DON’T think your climatic fight sequences need to take ten pages

Okay, maybe this one is a bit of a personal preference. I’m sure there are some readers who enjoy when a battle takes up three chapters, and no judgment here if that’s your jam. But often, writers get caught up in the idea that in order for afight sequence to feel grand and epic, it needs to take up lots of space, when in fact actual combat tends to be over quickly. Even movies do not devote nearly as much screen time to cinematic action sequences as you might think — it just feels that way, because we’re so emotionally invested in what’s happening.

In fact, dragging out a fight scene can slow the pacing of both the scene and the book, often achieving exactly the opposite of the intended goal. Try to use plain language to describe the actual motions of the characters, and focus the attention on two or three of the big moments — the points where the fates turn, the balance shifts, or the stakes are raised. After all, you don’t want readers to miss when those actually occur, and giving equal weight to every blow and parry makes it harder to tell when things get really good.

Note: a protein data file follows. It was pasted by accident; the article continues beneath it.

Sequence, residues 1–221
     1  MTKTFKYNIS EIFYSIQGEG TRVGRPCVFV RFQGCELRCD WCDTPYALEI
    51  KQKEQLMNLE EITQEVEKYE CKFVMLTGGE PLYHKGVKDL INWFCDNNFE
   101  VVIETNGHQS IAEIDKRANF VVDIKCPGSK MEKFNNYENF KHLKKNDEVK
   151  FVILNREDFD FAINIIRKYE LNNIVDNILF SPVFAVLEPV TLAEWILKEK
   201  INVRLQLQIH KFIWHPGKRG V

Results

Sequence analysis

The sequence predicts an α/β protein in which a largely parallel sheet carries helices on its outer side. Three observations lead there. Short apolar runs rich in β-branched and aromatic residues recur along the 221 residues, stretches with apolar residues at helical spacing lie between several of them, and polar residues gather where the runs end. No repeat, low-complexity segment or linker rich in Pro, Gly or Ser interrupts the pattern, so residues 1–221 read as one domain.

DO write to a niche subgenre

A bit ofmarket research can go a long way.

Now, before you groan and complain about how your book is an art and you don’t want to stifle your creativity with things like writing to market, hear me out: I’m not saying you can’t write what you want to write. I am a huge proponent of writing what’s true to your heart. But at the same time, if you’re self-publishing, you’re going to be the one selling this book — and like it or not, that means you need to view it as a little bit of a product.

Take a few minutes to see what kind of subgenres are out there. Which ones are popular enough to have readers, but small enough that you’re not going up against the biggest names in the field? What are some of the genre conventions they follow — the things that distinguish them from regular fantasy? What kinds of titles and cover styles do the bestsellers follow?

And speaking of covers…

DON’T forget the importance of cover art